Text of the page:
The latest New Zealand Manufacturers and Exporters Association (NZMEA) Survey of Business Conditions completed during August 2011, shows total sales in July 2011 increased 13.5% (export sales increased by 16.4% with domestic sales increasing 11.2%) on July 2010.
The NZMEA survey sample this month covered NZ$439m in annualised sales, with an export content of 46%.
Net confidence rose to -22, up from the -38 result reported last month.
The current performance index (a combination of profitability and cash flow) is at 96, up from 93 in June, the change index (capacity utilisation, staff levels, orders and inventories) went down to 99 from 102 in the last survey, and the forecast index (investment, sales, profitability and staff) is at 103, up on June’s result of 99.75. Anything less than 100 indicates a contraction.
Constraints reported were 78% markets, 11% staff and 11% production capacity.
Staff numbers for July increased year on year by 2.8%.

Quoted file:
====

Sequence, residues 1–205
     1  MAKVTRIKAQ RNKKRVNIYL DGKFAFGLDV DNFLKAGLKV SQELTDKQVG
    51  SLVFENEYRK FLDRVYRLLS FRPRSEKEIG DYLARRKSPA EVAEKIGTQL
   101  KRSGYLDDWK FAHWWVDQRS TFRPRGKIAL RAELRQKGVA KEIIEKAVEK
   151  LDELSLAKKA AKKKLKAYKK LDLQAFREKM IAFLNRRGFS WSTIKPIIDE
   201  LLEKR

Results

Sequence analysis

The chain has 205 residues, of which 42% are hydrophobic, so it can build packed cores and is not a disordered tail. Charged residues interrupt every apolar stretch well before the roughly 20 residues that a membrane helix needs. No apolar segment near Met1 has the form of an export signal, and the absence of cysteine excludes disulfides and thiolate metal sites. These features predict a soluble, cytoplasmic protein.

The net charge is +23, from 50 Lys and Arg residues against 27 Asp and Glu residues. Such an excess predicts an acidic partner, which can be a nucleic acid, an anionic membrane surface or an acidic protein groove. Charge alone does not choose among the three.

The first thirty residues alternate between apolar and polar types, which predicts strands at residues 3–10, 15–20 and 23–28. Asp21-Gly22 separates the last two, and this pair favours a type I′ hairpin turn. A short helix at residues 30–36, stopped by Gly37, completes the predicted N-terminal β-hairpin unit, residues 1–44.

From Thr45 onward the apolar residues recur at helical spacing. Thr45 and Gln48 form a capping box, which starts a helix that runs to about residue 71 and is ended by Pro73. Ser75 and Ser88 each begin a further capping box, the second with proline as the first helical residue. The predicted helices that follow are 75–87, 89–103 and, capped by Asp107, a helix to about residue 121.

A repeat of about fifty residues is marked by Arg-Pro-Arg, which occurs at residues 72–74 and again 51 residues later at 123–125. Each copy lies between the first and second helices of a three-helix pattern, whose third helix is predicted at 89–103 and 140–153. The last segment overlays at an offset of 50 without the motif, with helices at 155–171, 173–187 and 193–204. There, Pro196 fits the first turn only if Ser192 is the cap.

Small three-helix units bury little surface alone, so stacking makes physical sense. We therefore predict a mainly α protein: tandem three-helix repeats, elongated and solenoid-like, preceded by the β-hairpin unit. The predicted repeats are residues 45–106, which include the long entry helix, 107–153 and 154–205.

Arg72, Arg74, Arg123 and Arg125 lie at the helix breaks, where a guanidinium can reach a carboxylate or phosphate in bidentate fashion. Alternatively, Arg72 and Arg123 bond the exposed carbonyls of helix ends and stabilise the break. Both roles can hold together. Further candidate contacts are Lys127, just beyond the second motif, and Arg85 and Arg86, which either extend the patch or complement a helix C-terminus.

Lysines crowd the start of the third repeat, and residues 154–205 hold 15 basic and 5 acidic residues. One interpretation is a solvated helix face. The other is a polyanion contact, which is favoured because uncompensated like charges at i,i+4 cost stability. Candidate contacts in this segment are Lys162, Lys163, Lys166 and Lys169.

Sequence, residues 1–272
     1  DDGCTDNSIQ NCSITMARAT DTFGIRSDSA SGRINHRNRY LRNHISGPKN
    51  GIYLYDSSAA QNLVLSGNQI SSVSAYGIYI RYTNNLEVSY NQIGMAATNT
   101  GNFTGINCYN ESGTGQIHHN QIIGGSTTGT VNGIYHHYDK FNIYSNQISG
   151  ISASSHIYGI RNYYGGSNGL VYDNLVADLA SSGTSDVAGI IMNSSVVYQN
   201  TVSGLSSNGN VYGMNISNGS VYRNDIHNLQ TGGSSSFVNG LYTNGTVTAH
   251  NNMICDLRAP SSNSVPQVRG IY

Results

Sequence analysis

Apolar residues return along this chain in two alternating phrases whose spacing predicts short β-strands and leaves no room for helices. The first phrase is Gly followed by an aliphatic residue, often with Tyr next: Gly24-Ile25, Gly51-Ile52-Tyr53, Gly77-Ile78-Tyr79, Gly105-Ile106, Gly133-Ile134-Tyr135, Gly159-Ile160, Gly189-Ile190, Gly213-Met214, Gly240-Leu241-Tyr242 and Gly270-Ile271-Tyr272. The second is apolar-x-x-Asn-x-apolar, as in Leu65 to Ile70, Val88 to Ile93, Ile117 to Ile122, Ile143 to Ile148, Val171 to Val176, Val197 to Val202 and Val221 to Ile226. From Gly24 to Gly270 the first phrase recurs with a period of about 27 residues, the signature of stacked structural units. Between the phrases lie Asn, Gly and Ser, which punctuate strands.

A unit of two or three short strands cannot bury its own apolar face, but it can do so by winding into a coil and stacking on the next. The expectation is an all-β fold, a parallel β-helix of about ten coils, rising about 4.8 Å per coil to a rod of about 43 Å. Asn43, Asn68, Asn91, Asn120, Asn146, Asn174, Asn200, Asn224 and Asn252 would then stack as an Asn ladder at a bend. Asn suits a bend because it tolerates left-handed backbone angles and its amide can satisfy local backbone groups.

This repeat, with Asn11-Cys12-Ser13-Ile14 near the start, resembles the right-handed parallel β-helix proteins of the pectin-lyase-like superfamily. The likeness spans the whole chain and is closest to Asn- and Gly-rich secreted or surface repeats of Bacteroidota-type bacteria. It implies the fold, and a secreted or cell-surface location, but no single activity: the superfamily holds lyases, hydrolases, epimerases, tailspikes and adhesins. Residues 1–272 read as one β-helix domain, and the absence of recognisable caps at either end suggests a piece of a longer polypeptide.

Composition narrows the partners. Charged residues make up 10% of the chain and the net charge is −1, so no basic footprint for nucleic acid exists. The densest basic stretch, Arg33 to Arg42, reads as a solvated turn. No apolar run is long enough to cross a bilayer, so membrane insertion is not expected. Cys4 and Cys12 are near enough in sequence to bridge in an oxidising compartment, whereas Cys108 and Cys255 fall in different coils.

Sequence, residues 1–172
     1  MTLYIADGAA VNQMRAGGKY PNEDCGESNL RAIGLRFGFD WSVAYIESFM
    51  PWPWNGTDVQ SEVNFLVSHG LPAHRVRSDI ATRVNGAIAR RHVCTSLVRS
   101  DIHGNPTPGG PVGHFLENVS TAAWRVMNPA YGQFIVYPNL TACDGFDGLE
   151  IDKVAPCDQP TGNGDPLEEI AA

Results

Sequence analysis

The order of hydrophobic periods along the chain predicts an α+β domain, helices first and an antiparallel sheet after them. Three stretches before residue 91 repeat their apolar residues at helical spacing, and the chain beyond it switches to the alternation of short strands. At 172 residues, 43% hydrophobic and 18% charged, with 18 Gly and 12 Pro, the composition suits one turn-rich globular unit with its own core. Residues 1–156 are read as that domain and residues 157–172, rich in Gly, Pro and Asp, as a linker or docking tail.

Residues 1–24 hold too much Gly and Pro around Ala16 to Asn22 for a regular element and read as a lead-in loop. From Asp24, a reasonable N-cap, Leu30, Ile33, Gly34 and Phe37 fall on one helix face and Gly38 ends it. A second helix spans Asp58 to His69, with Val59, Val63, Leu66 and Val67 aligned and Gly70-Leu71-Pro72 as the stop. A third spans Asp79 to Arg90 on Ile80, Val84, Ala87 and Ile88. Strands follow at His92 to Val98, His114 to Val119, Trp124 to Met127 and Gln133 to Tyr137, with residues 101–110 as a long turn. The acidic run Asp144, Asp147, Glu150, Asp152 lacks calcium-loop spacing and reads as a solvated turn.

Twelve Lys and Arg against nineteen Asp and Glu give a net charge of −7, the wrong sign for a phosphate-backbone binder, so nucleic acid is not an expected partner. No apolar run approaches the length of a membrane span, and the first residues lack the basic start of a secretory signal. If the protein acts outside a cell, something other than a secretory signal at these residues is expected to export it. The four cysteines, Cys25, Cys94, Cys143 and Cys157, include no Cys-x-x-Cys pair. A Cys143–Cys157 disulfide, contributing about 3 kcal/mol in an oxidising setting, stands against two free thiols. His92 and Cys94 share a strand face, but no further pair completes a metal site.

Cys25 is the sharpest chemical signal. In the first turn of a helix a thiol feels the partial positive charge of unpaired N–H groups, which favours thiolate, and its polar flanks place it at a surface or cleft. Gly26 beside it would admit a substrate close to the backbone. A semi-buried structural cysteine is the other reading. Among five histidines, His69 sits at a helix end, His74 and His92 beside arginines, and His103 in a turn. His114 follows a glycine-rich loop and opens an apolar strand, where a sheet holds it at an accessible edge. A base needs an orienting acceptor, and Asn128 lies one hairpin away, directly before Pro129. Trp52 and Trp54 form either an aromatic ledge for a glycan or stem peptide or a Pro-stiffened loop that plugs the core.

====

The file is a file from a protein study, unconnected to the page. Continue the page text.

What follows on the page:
“Export sales have recovered this month although continuing currency pressures will reduce returns,” says NZMEA Chief Executive John Walley. “Favourable conditions remain for those exporting to Australia and Asia driving the sales expansion.”
“The indexes and confidence measures are still a concern with the performance index in particular showing the loss of profitability and the confidence rating remaining in negative territory where it has been for six of the seven months surveyed so far this year. The number of pessimists has strong grown strongly as the no change group has contracted.”
“Overall the demand for New Zealand’s exports is holding up for the moment, but with the global outlook very uncertain this could change quickly.”
“Comments from the survey covered reduced margins due to the high New Zealand Dollar and concerns over whether demand from overseas markets will hold up. Christchurch respondents also noted that ongoing impacts from the earthquakes were upsetting staff and worrying customers.”
“With the issues in the United States and Europe it is likely that exchange rate pressures will worsen over the next few months. This will continue to threaten the viability of exports to those areas.”
“A response to the actions of other countries who seek to weaken their currencies should be a priority for the Government and the Reserve Bank. The exchange rate as it stands is a punitive tax on exporters and encourages spending overseas; hardly what is needed to rebalance the economy.”